Variable life insurance is a permanent life insurance policy that allows the policyholder to invest part of the policy’s cash value, the investment portion of the policy, in stocks and securities, which means there is some risk involved. If your investments do poorly, you could end up with a smaller insurance benefit than you would have with a standard whole life insurance policy. On the other hand, if you invest wisely, your returns–and ultimate the death benefit–could be far greater than a traditional life insurance policy.
This type of permanent life insurance policy is best suited for individuals looking for a long-term investment and who are comfortable making investment decisions. A variable life insurance policy is typically a very complex product–it is sold by prospectus and regulated by the U.S. Securities Exchange Commission–so it pays to understand it thoroughly before investing. Be sure to ask questions about anything you don’t understand.
Some Advantages of Variable Life Insurance
- Earnings on the invested money accumulate tax-deferred, a key benefit
- You control how the net premiums are invested in stocks, bonds and short-term money-market funds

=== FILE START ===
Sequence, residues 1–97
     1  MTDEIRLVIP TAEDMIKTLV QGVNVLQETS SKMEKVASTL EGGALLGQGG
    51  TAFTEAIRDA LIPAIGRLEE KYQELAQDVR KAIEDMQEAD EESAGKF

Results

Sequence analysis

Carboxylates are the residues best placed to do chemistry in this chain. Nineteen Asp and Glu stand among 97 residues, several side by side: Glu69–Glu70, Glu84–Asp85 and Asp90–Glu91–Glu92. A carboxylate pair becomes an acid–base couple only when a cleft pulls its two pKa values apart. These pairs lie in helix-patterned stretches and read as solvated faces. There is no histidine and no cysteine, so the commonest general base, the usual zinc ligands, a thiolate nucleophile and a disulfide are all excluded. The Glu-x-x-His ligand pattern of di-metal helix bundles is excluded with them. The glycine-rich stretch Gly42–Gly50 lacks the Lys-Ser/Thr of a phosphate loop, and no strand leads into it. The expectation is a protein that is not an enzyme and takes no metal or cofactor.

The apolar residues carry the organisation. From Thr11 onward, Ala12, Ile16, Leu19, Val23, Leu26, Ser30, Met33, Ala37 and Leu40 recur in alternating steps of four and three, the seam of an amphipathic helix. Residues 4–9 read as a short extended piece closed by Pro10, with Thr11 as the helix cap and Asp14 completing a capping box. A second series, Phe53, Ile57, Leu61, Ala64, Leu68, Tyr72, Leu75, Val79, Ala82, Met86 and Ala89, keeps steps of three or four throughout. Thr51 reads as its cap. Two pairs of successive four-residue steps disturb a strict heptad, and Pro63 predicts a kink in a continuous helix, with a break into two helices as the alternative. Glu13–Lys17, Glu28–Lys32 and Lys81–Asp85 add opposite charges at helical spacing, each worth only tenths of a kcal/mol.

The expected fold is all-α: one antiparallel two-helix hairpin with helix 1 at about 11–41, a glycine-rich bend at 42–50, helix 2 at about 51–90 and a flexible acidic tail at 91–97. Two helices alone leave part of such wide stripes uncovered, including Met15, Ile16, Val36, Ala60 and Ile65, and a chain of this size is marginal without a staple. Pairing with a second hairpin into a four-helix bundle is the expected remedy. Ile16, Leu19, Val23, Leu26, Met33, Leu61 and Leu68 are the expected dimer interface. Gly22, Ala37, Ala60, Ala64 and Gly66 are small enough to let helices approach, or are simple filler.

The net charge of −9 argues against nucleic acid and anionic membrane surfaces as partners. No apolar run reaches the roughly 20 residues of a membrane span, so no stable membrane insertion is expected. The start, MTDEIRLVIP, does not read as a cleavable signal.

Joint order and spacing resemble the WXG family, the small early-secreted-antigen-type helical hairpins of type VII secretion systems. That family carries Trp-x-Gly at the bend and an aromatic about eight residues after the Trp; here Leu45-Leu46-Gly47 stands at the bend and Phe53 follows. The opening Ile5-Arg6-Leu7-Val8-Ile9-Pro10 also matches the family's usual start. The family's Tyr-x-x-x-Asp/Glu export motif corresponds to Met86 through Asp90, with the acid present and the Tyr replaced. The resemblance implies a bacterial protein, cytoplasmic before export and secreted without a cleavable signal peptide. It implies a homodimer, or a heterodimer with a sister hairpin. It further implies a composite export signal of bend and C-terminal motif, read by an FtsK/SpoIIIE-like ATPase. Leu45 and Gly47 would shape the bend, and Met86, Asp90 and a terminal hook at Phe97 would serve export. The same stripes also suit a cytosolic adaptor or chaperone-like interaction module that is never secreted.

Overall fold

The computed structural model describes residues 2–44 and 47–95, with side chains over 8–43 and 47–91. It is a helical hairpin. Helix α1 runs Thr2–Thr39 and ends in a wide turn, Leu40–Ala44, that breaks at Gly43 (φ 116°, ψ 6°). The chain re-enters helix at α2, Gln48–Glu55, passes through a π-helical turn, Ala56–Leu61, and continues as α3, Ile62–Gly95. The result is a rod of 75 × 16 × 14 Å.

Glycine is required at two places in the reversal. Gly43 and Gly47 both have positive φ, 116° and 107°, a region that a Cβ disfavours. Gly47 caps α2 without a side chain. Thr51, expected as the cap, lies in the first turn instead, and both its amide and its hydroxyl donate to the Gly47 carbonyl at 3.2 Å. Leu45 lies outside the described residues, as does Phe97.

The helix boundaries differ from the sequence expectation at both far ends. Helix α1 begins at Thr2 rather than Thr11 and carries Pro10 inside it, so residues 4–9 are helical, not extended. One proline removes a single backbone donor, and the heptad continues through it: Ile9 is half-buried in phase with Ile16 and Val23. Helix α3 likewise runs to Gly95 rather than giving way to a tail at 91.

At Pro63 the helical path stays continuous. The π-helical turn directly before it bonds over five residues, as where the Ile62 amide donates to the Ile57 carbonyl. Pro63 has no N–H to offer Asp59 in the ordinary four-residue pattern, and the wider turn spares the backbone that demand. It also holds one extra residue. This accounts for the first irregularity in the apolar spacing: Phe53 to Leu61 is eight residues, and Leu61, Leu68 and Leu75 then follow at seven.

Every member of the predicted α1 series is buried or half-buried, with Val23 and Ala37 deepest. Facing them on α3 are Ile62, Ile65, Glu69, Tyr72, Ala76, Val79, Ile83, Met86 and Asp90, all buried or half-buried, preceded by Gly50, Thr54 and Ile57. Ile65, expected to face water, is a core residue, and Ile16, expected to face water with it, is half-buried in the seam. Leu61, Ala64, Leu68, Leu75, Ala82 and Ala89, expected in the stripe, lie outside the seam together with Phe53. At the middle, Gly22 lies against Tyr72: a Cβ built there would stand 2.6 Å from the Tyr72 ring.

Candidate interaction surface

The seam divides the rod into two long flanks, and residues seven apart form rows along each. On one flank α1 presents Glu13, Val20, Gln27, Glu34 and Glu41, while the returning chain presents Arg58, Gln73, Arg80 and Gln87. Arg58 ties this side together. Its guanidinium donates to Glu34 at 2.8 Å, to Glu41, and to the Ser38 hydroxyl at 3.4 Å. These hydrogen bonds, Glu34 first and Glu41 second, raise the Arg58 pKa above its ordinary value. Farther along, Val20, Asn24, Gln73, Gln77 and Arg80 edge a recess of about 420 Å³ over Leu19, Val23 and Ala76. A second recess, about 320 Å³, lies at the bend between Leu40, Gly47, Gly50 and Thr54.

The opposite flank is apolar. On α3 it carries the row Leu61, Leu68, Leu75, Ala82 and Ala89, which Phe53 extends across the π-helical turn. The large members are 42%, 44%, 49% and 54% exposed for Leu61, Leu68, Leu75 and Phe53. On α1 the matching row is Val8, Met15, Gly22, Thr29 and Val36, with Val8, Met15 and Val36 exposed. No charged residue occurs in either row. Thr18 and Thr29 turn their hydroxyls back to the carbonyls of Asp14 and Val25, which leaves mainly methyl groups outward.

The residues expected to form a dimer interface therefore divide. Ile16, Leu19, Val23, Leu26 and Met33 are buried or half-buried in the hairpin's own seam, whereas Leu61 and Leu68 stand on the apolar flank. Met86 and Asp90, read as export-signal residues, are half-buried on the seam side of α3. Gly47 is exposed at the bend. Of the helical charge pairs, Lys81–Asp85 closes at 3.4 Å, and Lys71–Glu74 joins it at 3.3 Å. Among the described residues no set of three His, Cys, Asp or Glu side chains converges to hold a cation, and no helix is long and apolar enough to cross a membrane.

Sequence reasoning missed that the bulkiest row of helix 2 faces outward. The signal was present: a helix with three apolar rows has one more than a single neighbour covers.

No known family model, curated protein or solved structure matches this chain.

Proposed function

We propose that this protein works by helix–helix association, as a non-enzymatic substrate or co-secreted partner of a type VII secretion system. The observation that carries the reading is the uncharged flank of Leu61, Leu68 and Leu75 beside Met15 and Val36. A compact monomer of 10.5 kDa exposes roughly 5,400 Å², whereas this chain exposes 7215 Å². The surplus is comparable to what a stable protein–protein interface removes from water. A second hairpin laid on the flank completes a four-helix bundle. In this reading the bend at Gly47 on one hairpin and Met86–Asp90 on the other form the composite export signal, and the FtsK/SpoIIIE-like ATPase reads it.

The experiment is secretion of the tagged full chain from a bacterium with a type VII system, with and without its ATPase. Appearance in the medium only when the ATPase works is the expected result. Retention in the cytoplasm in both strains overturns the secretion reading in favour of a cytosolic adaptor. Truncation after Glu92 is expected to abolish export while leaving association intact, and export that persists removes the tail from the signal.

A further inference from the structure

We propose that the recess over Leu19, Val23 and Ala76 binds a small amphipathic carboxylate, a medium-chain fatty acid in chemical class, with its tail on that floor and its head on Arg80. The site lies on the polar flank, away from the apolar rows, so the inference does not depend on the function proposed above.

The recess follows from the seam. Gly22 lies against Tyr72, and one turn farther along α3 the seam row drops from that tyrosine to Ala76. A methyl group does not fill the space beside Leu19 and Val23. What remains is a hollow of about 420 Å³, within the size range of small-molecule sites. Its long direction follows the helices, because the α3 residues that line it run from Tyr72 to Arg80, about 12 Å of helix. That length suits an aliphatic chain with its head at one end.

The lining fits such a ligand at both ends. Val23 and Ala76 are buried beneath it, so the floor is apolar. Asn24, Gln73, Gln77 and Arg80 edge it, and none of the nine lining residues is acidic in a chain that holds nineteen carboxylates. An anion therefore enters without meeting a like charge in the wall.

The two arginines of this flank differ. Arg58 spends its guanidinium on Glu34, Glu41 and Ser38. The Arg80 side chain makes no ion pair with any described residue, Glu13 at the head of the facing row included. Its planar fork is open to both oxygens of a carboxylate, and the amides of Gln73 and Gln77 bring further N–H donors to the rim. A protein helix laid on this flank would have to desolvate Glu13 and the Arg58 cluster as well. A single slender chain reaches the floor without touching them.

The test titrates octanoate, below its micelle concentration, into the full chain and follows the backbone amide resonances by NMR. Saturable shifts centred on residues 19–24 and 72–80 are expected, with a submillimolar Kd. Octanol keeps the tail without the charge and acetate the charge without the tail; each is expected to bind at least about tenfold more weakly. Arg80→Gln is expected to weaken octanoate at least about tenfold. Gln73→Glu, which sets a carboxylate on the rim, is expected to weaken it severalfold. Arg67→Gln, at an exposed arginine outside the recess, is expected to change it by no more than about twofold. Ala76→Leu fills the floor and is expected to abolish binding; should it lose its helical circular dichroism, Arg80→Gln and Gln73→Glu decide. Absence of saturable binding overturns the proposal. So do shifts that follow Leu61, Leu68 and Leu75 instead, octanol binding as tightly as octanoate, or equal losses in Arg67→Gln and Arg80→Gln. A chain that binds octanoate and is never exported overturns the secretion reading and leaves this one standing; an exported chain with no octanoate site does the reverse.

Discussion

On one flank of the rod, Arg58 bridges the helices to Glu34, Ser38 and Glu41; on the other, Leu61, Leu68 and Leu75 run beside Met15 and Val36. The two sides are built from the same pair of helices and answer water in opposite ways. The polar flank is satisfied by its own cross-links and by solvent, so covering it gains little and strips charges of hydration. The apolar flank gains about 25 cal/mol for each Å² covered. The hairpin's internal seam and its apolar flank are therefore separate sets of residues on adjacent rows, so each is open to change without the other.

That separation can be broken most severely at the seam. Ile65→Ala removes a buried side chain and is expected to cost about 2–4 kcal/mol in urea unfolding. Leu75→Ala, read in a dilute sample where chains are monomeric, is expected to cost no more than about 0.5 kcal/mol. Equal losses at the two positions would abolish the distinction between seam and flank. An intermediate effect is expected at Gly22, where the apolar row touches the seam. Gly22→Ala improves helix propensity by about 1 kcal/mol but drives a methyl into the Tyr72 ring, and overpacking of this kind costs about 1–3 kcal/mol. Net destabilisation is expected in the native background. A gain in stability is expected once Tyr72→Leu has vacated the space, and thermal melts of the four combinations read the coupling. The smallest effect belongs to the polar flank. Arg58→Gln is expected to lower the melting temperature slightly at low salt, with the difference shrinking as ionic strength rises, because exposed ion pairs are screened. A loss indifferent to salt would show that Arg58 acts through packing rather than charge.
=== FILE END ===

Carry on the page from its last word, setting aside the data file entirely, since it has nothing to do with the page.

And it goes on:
- You can choose between policies with fixed premiums or flexible premiums that allow you to change the duration and the amount you pay
- There may be a guaranteed death benefit, but you may have to pay extra for it
Some of the Disadvantages
- If your investments perform poorly, you could end up with a smaller cash value than you would have received through a whole life insurance policy
- There are no guarantees on how your investments may perform, and the risk is all yours
- The first year’s premium is eaten up by initial administrative costs and commissions, so even if your investments do well, it could be years for cash values to build up
- These are long-term investments, which means you have to pay substantial taxes and insurance company charges to withdraw it early
- Variable life insurance requires that you actively monitor and participate in your investments, making it good for those comfortable working in that arena but potentially challenging for Wall Street neophytes
Another type of policy–variable universal life insurance–combines some of the features of universal life insurance with the investment freedom and potential risk of variable life insurance. There is no guarantee of earnings or cash values, and these policies must also comply with SEC regulations. Again, be sure to study the prospectus closely.